A court in the Cayman Islands has rejected a move by Maan al Sanea, the Saudi Arabian businessman caught up in one of the Middle East's long-est-running corporate scandals, to delay the start of a fraud trial.
Mr al Sanea, whose Saad Group is involved in a bitter battle with the al Gosaibi business family of Saudi, wanted to appeal to London to have the case delayed in the Caymans pending a resolution in Saudi Arabia.
But a judgment by the island's appeal court, under its president Sir John Chadwick, rejected his application last week. Courts in the Caymans, a British overseas territory, are ultimately answerable to the UK's highest court, the Privy Council.
The ruling is a setback for Mr al Sanea, who has been trying to persuade authorities in the Caymans that allegations of fraud made against him by the al Gosaibis should be resolved in Saudi Arabia, and his assets in the Caymans unfrozen.
He has denied all the allegations and is contesting the jurisdiction of the Cayman Islands to hear the case.
In his judgment, Justice Chadwick agreed with an earlier Caymans ruling that "the Cayman Islands was the jurisdiction in which the claims in these proceedings could be appropriately tried in the interests of all parties".
The Caymans ruling may hasten a fraud trial against Mr al Sanea, but he still has the option to appeal directly to London over the heads of the Caymans' authorities.
Mr al Sanea's representatives declined to comment on the Caymans judgment, but he is said to be considering a direct appeal to the Privy Council. He has 56 days from the date of the judgment, last Monday, to decide.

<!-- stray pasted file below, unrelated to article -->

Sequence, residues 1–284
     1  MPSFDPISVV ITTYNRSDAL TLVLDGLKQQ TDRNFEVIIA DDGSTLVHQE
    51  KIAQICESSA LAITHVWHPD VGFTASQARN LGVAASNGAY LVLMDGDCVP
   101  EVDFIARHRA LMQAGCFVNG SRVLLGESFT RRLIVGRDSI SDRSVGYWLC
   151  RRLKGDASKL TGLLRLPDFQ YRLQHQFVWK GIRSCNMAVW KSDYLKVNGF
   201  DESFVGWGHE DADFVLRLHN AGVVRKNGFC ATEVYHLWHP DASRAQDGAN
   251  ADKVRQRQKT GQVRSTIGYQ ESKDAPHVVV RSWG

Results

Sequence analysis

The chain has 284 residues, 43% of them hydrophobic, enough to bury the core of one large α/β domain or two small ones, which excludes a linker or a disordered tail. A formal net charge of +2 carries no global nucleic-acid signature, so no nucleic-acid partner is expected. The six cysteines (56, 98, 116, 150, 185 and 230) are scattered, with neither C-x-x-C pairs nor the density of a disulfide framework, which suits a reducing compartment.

A lawyer close to the proceedings said: "This is the Cayman court telling him to get on with it and defend himself."
The Caymans ruling is the latest legal twist in a saga that has led to action in courts in the US, Britain, other parts of Europe and the Gulf.
International and Middle East creditors are seeking the recovery of as much as US$20 billion (Dh73.46bn) in liabilities owed by Mr al Sanea and Ahmad Hamad Al Gosaibi & Brothers, the partnership that controls the family business from Al Khobar in eastern Saudi.
This week it was confirmed that Saudi banks had filed claims totalling $2.4bn against the Al Gosaibi group, as reported in The National last month. The largest claim is from Saudi Investment Bank, which is seeking the return of 2bn riyals (Dh1.95bn) from the Al Gosaibi group.
Eric Lewis, the lawyer acting for the al Gosaibis, said: "The family is committed to recovering these funds and to work with the banks towards a fair and just solution."
It is believed Mr al Sanea reached a deal with Saudi creditors last year, although there have been no details of the terms of any settlement.
Meanwhile, in Bahrain, where the affair first broke after the default of two banks connected to Mr al Sanea and the Al Gosaibi group in May 2009, the authorities are considering their next move.
Legal sources in Manama say the Bahrain public prosecutor is examining a report by the corporate investigations company Kroll into the events that led to the defaults.
Two Kroll executives and a Bahraini accountant conducted the investigation, commissioned by the public prosecutor, a year ago and completed their report at the end of November.
The public prosecutor's office and other representatives of the Bahrain government have so far declined to comment on the report, or on any action they might take as a result of its findings.
A legal source in Bahrain, who declined to be identified because of the sensitivity of the matter, said the report had been discussed with officials and lawyers in Saudi Arabia.